In a recent interview with Gallup Management Journal, Cornell psychologist David Dunning talked about why people aren't very good at judging themselves. Why is this important? Because it has a great deal to do with how we recruit and assess applicants.
A big part of the reason we're so bad at accurately judging ourselves is due to our self-serving bias--our tendency to take credit for successes but blame outside factors (other people, equipment) for our failures. This helps our ego out--if we were always blaming ourselves for failures and attributing success to outside factors, we wouldn't be very happy campers. But it has the downside of oftentimes blinding us to the real reason why things happen.
Dr. Dunning covers a wide range of topics in the interview, including gender differences, when overconfidence may be a good thing, employee training, providing feedback, and the serious implications of this phenomenon (e.g., think about doctors judging their skills as being better than they are).
As I said, this is important because a great deal of recruitment and selection is about self-assessment--a prime example is the growing movement toward online training and experience (T&E) questionnaires made easier with the spread of ATS products. Many of these questionnaires are chock full of questions that (no joke) aren't much different than: "How great are you at X?"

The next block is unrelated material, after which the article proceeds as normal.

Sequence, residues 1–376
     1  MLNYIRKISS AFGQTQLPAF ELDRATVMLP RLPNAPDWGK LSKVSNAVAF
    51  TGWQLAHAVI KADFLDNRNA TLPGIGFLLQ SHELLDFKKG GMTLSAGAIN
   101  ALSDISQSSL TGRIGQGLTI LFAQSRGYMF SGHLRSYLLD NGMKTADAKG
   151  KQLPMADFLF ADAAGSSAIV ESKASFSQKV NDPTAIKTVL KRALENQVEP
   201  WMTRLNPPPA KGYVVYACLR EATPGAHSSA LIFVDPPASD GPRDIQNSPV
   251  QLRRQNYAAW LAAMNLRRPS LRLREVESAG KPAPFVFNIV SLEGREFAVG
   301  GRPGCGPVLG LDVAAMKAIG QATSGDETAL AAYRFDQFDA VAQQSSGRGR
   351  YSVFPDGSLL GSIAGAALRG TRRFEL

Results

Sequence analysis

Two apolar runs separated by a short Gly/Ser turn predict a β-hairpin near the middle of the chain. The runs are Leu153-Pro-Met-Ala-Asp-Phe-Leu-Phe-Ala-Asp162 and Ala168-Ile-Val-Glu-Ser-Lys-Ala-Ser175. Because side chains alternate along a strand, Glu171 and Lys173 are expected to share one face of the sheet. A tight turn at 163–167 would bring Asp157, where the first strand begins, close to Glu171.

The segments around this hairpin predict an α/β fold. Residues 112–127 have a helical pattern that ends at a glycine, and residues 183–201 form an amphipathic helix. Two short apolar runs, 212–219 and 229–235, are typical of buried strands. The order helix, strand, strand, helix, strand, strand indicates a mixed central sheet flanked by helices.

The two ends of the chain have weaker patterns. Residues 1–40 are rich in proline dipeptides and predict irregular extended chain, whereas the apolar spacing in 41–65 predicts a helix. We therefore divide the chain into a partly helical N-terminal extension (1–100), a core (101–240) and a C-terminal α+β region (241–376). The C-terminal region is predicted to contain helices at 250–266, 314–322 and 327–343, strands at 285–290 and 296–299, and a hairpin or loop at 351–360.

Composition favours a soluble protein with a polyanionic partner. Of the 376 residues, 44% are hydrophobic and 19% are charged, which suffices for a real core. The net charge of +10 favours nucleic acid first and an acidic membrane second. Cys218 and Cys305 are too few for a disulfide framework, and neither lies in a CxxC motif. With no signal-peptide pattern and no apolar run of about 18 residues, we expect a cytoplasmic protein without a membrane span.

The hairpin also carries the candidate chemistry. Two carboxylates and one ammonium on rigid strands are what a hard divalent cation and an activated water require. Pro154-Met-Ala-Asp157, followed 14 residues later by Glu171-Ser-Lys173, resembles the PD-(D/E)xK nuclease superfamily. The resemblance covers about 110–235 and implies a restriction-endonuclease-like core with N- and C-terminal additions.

But it's not just about T&Es. People make judgments about themselves when deciding what jobs to apply for in the first place. They describe themselves in certain ways during job interviews (when the motivation to make yourself look good is even stronger).
What can we do about it? Simply put, verify, verify, verify. If someone claims to be the greatest Java programmer on the planet, make them show you. If they claim to be a great orator, make an oral presentation part of the hiring process. Then talk to folks that know their work to establish a history of competence. Don't take someone's word at face value because (a) they may be trying to snow you, but more subtly (b) they may not know themselves.
By the way, Dr. Dunning is co-author of one of my all-time favorite articles, "Flawed self-assessment: Implications for health, education, and the workplace" which describes how the inability of people to judge themselves accurately can result in very serious problems.
Last thing: if you're not already familiar with it, check out the fundamental attribution error, which is one of the other big things our brain is constantly doing. It has huge implications for how we judge others.